High Standard Of Poor English
INDIA THAT IS BHARAT
WHY is Satiricus a reasonably successful English-language journalist despite his poor English? The answer is simple—Satiricus is a successful English-language journalist not despite but because of his poor English. The English-language journalism in India is perpetually at war with English grammar, and it stands up stoutly against any nefarious effort by grammar to infiltrate our journalese. For instance, Satiricus has read a full-length article on the use or misuse of the article “the”, and another equally learnedly long lament on the use or non-use of the comma. And now comes this Wikipedia assault on “comprised of”. One of its 1,000 active editors by name Bryan Henderson has reportedly made more than 47,000 corrections to the use of “comprised of”. Believe it or not, the fellow is said to have written a 6000-page tome attacking this usage.
Fortunately, we Indian journalists are not deferred by such dastardly doings of verbal villainy. We are above such crass corrections. We don’t care for such nitpicking niceties of grammar, as our biggest daily Expressly show with courage, carrying on with delightful defiance of grammar. In this leading light of the fourth estate of the Indian realm it is almost an article of faith to ignore articles like “the”, to put together singular nouns with plural verbs, to tenaciously using the term “Muslim cleric” despite a cleric being a functionary of a Christian church, and to meticulously mis-spell even simple Sanskrit words and names. To cap it all, when, the other day, a young Jain woman performed the ritual to renounce the world, the headline reported that she had become a “monk”— a male renunciate.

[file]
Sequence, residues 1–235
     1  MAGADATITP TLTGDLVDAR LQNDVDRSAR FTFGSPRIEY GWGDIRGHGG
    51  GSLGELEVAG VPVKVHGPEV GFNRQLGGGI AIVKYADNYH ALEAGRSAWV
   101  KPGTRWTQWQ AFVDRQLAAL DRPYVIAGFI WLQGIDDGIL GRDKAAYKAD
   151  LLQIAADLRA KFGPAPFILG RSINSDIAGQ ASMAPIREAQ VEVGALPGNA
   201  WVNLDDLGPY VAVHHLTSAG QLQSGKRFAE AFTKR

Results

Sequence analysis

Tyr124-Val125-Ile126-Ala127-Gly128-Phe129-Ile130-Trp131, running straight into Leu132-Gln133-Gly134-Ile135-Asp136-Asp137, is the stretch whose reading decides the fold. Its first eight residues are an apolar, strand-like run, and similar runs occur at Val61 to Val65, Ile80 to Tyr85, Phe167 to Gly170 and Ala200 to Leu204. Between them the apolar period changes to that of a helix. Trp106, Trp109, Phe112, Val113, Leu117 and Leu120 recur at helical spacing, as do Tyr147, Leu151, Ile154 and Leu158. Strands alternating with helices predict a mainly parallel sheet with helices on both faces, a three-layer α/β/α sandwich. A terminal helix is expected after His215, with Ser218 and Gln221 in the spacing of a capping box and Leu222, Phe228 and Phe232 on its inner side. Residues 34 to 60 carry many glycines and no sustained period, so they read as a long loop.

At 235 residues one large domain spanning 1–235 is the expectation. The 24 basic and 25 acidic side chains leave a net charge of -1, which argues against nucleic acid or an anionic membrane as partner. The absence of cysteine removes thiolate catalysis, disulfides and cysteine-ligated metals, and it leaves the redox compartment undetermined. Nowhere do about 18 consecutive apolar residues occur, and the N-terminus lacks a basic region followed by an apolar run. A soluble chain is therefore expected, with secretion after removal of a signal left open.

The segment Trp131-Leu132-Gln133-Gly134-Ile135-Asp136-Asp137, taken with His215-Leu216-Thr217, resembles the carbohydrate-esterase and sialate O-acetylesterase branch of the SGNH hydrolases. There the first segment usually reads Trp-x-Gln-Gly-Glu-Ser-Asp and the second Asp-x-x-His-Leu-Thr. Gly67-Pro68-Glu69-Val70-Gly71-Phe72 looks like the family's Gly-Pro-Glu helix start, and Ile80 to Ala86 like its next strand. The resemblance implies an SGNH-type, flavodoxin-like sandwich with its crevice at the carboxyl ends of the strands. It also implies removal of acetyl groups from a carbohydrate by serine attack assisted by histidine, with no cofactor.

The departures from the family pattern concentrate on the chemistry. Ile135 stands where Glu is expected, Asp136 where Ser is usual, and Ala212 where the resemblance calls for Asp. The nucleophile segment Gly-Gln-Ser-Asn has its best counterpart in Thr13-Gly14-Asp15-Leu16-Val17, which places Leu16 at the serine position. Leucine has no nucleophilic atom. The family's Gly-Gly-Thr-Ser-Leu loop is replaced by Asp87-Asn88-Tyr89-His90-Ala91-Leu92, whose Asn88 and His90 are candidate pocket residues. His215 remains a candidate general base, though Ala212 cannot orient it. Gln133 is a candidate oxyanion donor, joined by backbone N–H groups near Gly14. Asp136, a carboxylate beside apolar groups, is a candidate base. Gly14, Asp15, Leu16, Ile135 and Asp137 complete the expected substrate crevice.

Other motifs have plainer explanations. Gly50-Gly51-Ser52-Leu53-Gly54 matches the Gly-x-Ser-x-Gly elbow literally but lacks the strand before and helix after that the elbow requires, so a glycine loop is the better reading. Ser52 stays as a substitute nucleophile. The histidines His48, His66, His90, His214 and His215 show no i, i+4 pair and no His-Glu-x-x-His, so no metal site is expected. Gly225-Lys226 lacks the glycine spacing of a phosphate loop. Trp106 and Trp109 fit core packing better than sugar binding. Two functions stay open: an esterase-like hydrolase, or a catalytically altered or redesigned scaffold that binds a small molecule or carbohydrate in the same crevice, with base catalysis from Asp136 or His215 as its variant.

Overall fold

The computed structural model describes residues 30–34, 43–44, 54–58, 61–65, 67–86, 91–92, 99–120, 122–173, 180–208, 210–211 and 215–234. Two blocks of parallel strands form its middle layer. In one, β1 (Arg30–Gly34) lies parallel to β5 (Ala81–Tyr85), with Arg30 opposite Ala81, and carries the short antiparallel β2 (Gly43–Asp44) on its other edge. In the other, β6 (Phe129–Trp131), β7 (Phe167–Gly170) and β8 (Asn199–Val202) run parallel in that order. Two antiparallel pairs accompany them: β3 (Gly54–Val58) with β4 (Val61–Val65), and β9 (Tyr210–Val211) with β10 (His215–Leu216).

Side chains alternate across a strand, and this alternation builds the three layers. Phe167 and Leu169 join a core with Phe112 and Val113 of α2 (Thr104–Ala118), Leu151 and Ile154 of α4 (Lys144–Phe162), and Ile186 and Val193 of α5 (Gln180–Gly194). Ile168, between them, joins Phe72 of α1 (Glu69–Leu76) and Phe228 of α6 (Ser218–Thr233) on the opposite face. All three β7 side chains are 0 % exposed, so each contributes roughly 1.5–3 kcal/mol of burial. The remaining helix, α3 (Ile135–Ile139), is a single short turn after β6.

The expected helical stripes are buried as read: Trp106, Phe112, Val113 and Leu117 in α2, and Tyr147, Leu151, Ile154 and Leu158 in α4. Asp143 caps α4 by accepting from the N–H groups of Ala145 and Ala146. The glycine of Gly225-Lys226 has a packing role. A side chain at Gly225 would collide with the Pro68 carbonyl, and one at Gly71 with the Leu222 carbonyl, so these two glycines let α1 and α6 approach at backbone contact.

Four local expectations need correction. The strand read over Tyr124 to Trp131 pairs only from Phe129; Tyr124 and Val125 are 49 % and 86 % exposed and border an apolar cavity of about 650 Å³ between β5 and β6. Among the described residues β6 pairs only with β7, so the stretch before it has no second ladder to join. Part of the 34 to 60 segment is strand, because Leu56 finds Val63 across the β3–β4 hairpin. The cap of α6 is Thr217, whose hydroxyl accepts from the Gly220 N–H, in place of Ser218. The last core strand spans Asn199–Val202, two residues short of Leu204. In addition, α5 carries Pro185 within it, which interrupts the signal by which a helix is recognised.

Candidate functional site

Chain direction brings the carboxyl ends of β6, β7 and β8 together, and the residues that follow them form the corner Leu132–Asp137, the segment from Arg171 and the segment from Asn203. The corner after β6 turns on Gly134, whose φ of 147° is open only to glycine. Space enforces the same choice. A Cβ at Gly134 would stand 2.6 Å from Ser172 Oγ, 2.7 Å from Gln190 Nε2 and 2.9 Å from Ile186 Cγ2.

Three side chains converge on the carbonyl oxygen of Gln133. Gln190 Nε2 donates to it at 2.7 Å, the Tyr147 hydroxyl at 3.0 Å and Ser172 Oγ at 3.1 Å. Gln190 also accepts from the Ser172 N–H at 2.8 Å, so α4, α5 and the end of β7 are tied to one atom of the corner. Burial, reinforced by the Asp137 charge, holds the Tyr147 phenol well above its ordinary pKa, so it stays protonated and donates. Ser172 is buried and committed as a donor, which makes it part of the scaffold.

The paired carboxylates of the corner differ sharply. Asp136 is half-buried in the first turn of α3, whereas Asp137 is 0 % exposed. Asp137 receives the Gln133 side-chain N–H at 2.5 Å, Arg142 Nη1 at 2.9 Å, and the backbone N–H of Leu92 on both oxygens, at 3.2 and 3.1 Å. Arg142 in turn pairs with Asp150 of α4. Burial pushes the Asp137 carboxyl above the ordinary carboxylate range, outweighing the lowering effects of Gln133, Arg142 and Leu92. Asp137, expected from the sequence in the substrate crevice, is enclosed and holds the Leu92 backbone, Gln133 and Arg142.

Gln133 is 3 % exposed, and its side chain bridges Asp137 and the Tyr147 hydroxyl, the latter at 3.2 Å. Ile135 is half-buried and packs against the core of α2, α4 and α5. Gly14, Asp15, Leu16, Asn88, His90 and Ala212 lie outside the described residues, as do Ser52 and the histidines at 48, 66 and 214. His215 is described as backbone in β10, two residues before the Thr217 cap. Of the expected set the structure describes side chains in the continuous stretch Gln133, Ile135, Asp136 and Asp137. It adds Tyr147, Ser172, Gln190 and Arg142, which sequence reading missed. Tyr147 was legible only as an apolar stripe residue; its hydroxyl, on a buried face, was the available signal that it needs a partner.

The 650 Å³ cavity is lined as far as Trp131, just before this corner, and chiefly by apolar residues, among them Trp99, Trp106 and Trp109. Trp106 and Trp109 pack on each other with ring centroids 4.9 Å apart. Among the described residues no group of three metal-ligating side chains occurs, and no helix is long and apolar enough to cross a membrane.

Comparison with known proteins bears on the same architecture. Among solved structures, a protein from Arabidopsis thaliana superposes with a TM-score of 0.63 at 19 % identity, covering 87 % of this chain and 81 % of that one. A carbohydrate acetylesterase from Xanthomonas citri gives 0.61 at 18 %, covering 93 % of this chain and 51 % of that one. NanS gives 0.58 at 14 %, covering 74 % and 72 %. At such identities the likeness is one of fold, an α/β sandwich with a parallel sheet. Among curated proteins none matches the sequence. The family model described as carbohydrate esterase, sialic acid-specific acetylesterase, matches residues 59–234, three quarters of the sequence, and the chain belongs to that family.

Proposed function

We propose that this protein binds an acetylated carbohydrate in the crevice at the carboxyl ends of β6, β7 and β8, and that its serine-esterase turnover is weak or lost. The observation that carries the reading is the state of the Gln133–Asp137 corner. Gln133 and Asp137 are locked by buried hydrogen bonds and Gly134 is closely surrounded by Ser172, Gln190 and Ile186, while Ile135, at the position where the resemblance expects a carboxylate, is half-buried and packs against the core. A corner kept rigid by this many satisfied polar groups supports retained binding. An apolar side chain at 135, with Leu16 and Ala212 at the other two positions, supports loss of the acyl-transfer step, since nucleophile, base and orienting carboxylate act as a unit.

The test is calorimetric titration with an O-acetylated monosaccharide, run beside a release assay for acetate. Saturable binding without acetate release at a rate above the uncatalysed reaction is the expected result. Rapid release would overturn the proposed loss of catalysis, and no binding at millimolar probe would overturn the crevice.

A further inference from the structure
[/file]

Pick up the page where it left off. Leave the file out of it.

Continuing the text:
Oh my! Satiricus how feels like applying for a job with this paper. But would he be found eligible? Satiricus doubts. He takes pride in his poor English, but even he might not meet the high standard of poor English of this paper.